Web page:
Other variables kick in as well. When the tire runs cooler it may have less grip and thus the lap times may be slower and thus less wear on the tire. Or cooler tire, less grip, more sliding, more wear. it could go either way depending on lots of factors and variables.

 

Not trying to give a no answer, answer, but i have observed it going both ways.

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Great topic and great answers.

Re "as tire gets thinner it will run cooler .... when the tyre gets cooler it may have less grip", is that the reason why a tire has less grip as it gets old? The thread might be gone, but there is still a decent contact amount of rubber making contact with the road - if anything, without the thread there is more rubber making contact (or so it seems to me). Or do other factors come into play?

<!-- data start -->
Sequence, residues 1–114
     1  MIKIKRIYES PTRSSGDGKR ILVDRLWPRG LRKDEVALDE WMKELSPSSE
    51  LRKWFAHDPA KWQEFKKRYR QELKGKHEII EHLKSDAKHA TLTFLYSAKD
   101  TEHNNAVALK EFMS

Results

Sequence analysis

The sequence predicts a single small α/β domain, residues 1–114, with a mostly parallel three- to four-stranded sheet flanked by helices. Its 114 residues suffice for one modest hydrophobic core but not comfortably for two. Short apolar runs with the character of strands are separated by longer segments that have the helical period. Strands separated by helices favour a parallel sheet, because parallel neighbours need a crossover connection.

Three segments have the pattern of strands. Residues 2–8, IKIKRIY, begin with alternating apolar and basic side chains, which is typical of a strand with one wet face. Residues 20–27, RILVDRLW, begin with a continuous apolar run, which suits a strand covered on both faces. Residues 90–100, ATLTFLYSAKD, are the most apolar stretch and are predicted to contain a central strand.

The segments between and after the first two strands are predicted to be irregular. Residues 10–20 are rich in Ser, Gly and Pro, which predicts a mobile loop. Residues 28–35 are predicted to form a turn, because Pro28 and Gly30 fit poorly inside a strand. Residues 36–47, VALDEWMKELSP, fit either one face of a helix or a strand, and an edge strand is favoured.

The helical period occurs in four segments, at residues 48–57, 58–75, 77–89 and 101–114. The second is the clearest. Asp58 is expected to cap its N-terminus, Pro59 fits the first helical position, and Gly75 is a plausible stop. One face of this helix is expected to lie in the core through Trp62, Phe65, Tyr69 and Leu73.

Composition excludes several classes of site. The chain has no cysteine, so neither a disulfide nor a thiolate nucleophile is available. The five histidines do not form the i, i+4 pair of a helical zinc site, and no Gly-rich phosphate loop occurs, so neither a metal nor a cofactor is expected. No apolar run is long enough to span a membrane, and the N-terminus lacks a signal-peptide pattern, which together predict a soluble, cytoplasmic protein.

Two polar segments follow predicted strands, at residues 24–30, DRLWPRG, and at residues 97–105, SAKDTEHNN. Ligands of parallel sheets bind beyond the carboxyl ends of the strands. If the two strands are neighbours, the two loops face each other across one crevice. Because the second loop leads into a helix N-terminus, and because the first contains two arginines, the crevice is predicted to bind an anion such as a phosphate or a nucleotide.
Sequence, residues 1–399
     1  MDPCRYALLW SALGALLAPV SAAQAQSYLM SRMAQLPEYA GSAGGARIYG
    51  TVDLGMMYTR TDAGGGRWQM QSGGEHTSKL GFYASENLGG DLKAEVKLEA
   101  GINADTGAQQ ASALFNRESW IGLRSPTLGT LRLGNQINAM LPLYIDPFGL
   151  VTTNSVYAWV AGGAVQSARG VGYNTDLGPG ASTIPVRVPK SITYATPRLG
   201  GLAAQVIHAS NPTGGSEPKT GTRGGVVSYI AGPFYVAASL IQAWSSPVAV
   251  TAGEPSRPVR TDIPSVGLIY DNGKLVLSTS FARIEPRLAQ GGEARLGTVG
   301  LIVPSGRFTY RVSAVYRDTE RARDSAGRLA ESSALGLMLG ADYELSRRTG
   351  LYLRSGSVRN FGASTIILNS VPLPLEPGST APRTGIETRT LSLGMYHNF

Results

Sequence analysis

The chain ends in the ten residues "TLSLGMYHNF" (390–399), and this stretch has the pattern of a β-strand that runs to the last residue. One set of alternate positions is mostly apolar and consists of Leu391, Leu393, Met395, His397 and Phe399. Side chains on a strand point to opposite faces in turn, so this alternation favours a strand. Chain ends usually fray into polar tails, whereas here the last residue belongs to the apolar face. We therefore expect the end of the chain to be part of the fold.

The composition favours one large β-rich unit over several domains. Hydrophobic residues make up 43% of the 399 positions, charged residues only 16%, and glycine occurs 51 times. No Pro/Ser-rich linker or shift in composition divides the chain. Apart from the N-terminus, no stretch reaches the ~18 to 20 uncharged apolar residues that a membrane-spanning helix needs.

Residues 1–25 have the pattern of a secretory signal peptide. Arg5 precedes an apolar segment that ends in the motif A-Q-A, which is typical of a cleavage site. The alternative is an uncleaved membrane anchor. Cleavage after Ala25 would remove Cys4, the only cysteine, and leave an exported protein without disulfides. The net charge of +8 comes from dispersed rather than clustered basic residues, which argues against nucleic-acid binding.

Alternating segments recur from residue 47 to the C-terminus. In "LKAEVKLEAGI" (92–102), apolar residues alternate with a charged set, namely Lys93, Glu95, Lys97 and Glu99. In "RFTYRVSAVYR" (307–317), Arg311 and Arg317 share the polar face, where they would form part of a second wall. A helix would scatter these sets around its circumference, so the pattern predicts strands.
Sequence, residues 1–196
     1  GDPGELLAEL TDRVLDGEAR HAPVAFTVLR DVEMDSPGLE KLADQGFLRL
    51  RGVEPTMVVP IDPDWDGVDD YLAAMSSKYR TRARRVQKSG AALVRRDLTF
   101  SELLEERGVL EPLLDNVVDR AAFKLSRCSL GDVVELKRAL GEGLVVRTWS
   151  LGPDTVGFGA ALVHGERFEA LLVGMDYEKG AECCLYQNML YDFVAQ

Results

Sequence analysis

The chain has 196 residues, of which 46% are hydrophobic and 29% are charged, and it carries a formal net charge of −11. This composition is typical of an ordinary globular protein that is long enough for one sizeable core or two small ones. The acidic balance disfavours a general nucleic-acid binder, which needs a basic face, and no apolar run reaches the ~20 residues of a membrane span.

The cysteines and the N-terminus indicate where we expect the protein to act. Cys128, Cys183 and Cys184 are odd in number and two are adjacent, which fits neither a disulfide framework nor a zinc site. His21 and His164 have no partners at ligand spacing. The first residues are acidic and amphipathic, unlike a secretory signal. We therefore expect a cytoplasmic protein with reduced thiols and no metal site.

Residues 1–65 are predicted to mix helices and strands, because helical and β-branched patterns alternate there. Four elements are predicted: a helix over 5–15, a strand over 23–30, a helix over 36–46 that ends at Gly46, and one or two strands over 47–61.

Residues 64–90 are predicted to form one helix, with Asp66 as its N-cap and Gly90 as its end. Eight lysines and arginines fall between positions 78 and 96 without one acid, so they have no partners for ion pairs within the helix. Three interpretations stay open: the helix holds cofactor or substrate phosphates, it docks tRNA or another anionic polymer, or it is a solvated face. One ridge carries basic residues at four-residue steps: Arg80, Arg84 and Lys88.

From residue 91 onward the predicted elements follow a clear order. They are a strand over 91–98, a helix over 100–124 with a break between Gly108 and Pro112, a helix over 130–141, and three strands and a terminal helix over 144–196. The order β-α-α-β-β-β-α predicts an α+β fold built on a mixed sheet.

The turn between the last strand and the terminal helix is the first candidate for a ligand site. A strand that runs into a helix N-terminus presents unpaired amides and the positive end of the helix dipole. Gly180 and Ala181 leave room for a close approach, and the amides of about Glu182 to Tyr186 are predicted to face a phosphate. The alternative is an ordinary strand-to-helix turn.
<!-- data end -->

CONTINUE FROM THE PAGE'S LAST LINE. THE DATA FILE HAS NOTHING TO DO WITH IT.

I recall noticing this when I was a young man, with never enough money for new tyres for my old car. Once the thread was gone, so was the grip - despite the fact that there is actually more rubber in contact with the road.

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Great topic and great answers.

Re "as tire gets thinner it will run cooler .... when the tyre gets cooler it may have less grip", is that the reason why a tire has less grip as it gets old? The thread might be gone, but there is still a decent contact amount of rubber making contact with the road - if anything, without the thread there is more rubber making contact (or so it seems to me). Or do other factors come into play?

I recall noticing this when I was a young man, with never enough money for new tyres for my old car. Once the thread was gone, so was the grip - despite the fact that there is actually more rubber in contact with the road.

 

Thinner tread runs cooler and has less grip.

 

Thicker tread runs hotter and has more grip.